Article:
LOS ANGELES – Corruption investigators searched the home and offices of the Los Angeles County assessor on Wednesday amid allegations that his department was involved in influence-peddling.
Prosecutors are looking at more than 100 properties to see if their assessed values were improperly reduced after assessor John Noguez was elected.
Investigators from the district attorney's office searched 12 locations, including Noguez's home and office, and the Phoenix home of a campaign contributor, Ramin Salari, said Jane Robison, a spokeswoman for the district attorney's office.
She declined to describe what investigators were seeking. No immediate arrests were expected.
Salari is a tax agent who has achieved property tax reductions for millionaire property owners. A message left for Salari at his Phoenix-based company, Assessment Appeals Services Inc., was not immediately returned.
A message left by The Associated Press seeking comment from Noguez wasn't immediately returned, but he has denied any wrongdoing and specifically told the Los Angeles Times earlier this month that he did not perform any favors for Salari or his clients.
Assessor's spokesman Louis Reyes said the department was fully cooperating with the investigation.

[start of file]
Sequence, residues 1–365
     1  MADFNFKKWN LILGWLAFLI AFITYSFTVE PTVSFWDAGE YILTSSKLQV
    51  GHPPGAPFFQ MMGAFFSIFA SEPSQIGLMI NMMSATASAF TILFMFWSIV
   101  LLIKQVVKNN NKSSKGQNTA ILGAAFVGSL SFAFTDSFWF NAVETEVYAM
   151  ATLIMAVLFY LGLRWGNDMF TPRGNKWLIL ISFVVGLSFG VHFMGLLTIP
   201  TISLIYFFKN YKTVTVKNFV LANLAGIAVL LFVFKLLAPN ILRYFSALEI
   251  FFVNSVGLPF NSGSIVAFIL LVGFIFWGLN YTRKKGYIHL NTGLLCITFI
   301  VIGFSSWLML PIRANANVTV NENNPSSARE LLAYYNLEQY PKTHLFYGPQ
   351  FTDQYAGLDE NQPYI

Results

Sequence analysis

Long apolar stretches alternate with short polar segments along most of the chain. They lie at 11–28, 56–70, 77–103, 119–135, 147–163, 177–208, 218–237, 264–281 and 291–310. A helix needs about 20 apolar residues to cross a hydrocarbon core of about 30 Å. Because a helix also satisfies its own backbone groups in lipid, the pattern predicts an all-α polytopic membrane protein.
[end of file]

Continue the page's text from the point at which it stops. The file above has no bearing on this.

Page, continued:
Former county appraiser Scott Schenter told the Times last week that he secretly reduced the assessed taxable value on high-priced homes in West Los Angeles by tens of millions of dollars, hoping the homeowners would contribute to Noguez's 2010 campaign.
Schenter resigned in January 2011 after his supervisor discovered he had reduced the value of 151 properties without authorization.
The Times also reported earlier this month that campaign contributor Jordan Kaplan has not had to pay nearly $200,000 in taxes for his $21.5 million mansion because the assessor hasn't updated its value since it was previously assessed at $11.5 million.
Noguez's chief of staff, George Renkei, denied to the Times that Kaplan's contributions played any role in the nearly two-year delay — the only one of its kind in the county since at least 2008.
A spokesman for Kaplan said the real estate executive is currently paying taxes on the pre-sale value and will have to pay taxes retroactively when the property is reassessed, but he won't have to pay interest on the difference.
The AP could not find a phone number for Schenter on Wednesday.